By Khalilah Starks
Here’s the scenario – You finally get the call from your dream company asking you to interview. You want this job! The money is right. The people that you’ve met are awesome. When you hear the company’s name, you get goose bumps! A week later, the interview is here. Game face is on. You’re ready to show them that you can be all that they want you to be with a cherry on top. You tell them exactly what they want to hear – you’re a natural born leader, problem solver and team player. Awesome! The only problem is that you actually prefer to work alone and suck at dealing with conflict which is a highly critical skill needed for any leader or team player. But hey, you say whatever you need to say to get the job! You notice that everyone that you meet on interviewing day is bouncing off the wall with energy and excitement. You’re typically a pretty laid back individual. But, you want this job, so you start bouncing off the wall with them! At some point, you even begin to surpass their energy level. By the end of the interview, you’re exhausted. But, you crossed the finish line! You should be nominated for an Academy Award – Outstanding performance in an interview! You know you got this one!

But what happens if you get the job? You’ve got to be the natural born leader, problem solver and team player that you so passionately stated you were in the interview. Make sure that you drink that Red Bull every morning before you get to the office because you’re going to need to energetically bounce off the walls on a daily basis. Laid back won’t cut it! Whatever representative you chose to introduce and sell in the interview, will be the representative you need to deliver once you get the job. The only problem is that, eventually, the real you will start to peek out. We are who we are. You can act like you’re something that you’re not, but the truth eventually comes out. The real you will always prevail over any representative that you present. And, that’s when the trouble begins.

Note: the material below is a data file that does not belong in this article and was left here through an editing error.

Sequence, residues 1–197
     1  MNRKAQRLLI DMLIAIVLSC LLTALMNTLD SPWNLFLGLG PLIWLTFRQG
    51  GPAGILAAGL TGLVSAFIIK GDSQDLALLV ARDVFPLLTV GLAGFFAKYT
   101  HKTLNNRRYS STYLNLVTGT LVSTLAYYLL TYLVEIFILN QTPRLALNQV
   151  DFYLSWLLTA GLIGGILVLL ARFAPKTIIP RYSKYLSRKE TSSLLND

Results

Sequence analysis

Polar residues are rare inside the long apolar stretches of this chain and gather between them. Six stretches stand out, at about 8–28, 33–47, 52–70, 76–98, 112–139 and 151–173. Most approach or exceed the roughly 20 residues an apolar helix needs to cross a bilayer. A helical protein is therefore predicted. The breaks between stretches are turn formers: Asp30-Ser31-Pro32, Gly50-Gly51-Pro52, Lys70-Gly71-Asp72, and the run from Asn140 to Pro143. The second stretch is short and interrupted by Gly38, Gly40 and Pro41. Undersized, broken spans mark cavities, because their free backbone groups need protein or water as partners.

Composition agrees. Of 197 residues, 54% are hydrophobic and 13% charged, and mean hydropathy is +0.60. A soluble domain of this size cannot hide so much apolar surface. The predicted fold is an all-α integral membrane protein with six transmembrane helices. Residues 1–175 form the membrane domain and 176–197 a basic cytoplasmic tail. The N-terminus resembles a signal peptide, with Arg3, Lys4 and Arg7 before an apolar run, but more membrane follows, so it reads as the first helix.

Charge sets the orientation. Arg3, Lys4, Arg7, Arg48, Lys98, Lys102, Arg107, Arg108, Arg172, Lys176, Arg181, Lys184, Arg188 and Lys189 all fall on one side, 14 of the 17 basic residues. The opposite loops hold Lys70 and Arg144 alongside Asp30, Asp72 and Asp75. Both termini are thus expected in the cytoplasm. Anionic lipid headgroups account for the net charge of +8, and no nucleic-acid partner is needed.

All of sudden, the real you starts to shine through that representative exterior that you passionately sold. You’re not relating as well with your colleagues. The whole “energy on steroids” game is getting really old – they have way too much energy and you don’t have enough. Your boss notices that you haven’t maintained the same energy level which leads to the assumption that you must not be as passionate about the job or company. Your boss also notices that you’re leadership skills aren’t that strong and you really don’t work that well on teams which are critical skills for the job. And, you’re actually starting to feel that the job and company isn’t all what it was cracked up to be. The honeymoon is officially over.

I’ve seen this happen on several occasions and the result is always one of two things. 1) The company manages you out of the organization. Yep, you’re fired! 2) You get the hint and luckily find work before the company is able to pull the trigger. Either way, there is no happy ending. So, be yourself at the interview (the very best you, of course) and lose the representative!